The Polish parliament has approved government proposals to hand the ruling Law and Justice party (PiS) effective control of judicial appointments and the supreme court, in a move seen by critics as an erosion of judicial independence.
The government describes the plans as a necessary means to speed up the process of issuing judgments and to break what it describes as the grip of a “privileged caste” of lawyers and judges. But a coalition of civil society groups has warned that Poland will “definitively cease to be a democratic state of law” once the legislation is approved by the senate and the president, and becomes law.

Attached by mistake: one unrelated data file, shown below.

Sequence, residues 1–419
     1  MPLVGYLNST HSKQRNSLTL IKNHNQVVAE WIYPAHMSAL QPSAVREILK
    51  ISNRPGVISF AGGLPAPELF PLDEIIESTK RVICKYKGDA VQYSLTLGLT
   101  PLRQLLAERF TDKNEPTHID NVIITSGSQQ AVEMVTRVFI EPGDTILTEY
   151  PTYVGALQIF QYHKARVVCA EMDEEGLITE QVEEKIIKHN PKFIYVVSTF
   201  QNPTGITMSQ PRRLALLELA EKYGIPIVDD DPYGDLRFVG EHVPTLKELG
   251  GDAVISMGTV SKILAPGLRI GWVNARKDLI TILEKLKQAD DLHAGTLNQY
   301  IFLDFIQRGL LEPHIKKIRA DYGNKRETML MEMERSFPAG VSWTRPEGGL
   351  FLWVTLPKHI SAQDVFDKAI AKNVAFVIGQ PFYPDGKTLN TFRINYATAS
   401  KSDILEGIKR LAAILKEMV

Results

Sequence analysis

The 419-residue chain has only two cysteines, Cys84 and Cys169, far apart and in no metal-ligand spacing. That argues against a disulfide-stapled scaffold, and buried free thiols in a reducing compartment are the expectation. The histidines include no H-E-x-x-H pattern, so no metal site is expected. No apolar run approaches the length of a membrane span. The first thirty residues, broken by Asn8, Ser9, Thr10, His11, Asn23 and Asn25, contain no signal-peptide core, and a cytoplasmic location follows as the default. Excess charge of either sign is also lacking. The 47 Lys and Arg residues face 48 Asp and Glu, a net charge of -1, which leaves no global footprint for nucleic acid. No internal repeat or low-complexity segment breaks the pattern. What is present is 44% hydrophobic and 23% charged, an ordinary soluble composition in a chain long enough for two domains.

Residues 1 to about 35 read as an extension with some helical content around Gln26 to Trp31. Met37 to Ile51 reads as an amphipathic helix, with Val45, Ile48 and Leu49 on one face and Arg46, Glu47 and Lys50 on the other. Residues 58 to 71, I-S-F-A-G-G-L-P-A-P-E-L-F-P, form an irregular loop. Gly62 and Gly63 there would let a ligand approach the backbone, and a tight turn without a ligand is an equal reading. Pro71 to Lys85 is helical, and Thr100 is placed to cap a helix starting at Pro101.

A previous attempt to assume control of the justice system by the government in July was derailed by large-scale street protests and the surprise decision by the president, Andrzej Duda, to veto the proposals after they had been approved by the Polish parliament.
The presidential vetoes resulted in months of behind-the-scenes negotiations between Duda, a former PiS MEP, and Jarosław Kaczyński, the leader of PiS who nominated Duda for the presidency, raising hopes of a government climbdown.
But to the dismay of those who cheered Duda’s vetoes in July, the proposals announced last month as a result of those negotiations pave the way for the party to assume control of the National Judiciary Council (KRS), the body that makes judicial appointments, by terminating the term of office of the existing members and giving the parliamentary majority the right to nominate a majority of their replacements in the event of a stalemate.
My report for the Guardian can be found here.